"A rhombohedron is a parallelepiped bounded by six congruent rhombs. It has two opposite vertices at which the three face-angles are equal; it is said to be acute or obtuse according to the nature of these angles. A golden rhombohedron has faces whose diagonals are in the golden ratio

:1." [1]. The volumes of A6 (the acute rhombohedron) and O6 (the obtuse rhombohedron) are also in the ratio

:1.

The Fibonacci sequence 1,

, 1+

, 1+2

, 2+3

, 3+5

, 5+8

, 8+13

, … is equal to the geometric sequence 1,

,

,

,

,

,

,

, … [2]. Taking the obtuse rhombohedron of volume 1, the obtuse rhombohedron whose edges are

as long has volume

. So there exists a dissection of

O6 to one O6 and two A6.

On the other hand, the volume of

A6 is

, so there exists a dissection of the solid to two O6 and three A6. But

so there is a dissection of

A6 to

O6, O6, and A6.

Finally, it is possible to dissect O6 to 1/

O6 and two 1/

A6. This Demonstration illustrates a dissection of

A6 to

O6, A6, 1/

O6, and two 1/

A6. There is a three-piece dissection of a parallelepiped to A6. There is a four-piece dissection of the bottom parallelepiped to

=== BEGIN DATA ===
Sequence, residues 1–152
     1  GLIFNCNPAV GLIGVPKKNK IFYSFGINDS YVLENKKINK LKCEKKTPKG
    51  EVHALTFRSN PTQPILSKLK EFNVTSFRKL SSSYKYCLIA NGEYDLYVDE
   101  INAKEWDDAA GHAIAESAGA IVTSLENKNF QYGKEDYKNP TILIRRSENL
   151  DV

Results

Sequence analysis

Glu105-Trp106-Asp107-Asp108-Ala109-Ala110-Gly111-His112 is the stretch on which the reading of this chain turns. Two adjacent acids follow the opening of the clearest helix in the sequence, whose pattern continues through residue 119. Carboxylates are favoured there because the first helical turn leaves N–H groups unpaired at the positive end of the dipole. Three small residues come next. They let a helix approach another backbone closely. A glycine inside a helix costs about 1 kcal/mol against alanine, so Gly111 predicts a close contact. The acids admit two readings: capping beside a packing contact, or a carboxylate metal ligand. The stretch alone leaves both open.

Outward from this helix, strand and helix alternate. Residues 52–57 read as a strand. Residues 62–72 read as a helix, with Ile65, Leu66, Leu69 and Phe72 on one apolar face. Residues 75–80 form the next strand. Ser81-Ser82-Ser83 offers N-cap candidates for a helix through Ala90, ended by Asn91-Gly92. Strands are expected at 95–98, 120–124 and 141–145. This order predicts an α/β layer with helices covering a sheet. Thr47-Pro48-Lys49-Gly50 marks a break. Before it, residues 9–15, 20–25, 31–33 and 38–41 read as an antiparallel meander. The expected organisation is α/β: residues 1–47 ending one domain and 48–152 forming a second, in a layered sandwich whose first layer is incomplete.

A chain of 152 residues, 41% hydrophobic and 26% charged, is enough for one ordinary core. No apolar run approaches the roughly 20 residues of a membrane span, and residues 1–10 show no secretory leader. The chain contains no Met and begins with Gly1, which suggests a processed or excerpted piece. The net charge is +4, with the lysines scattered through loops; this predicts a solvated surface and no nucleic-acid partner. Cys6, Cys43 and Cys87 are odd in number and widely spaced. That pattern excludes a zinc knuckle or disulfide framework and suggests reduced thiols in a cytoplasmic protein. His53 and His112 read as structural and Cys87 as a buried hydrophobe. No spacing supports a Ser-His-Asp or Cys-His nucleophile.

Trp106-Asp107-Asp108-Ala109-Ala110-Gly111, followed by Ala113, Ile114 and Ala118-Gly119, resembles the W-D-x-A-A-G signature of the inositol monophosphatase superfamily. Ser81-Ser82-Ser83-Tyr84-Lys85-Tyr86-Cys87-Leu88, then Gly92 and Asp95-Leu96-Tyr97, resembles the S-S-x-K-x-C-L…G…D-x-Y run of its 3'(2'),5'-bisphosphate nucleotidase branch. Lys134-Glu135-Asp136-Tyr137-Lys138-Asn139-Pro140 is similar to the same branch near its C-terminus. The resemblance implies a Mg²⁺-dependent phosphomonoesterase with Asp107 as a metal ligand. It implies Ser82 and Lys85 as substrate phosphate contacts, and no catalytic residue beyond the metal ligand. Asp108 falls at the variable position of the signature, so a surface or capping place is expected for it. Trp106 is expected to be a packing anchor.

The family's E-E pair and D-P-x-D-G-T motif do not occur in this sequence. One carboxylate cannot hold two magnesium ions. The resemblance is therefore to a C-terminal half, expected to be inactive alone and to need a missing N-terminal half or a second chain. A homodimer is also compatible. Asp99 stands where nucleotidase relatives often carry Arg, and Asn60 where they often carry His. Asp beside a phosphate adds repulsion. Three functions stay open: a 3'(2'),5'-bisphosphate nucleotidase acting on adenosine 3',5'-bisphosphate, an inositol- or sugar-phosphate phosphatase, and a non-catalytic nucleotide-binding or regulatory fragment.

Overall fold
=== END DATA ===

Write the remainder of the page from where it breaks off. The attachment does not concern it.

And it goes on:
O6. The blue and the red parallelepipeds are 1/

A6. The parallelepiped with the magenta part is similar to the bottom parallelepiped, so there exists a four-piece dissection of the parallelepiped to 1/

O6.

References:

[1] W. W. Rouse Ball, H. S. M. Coxeter,

*Mathematical Recreations and Essays*, 13th ed., New York: Dover Publications, 1987 p. 161.

[2] M. Gardner,

*Aha! Gotcha: Paradoxes to Puzzle and Delight*, San Francisco: W. H. Freeman, 1982 (Slovenian edition cited, 1992 p. 94).

[3] I. Hafner, T. Zitko, "Introduction to Golden Rhombic Polyhedra,"

*Visual Mathematics*,

**4**(2), 2002.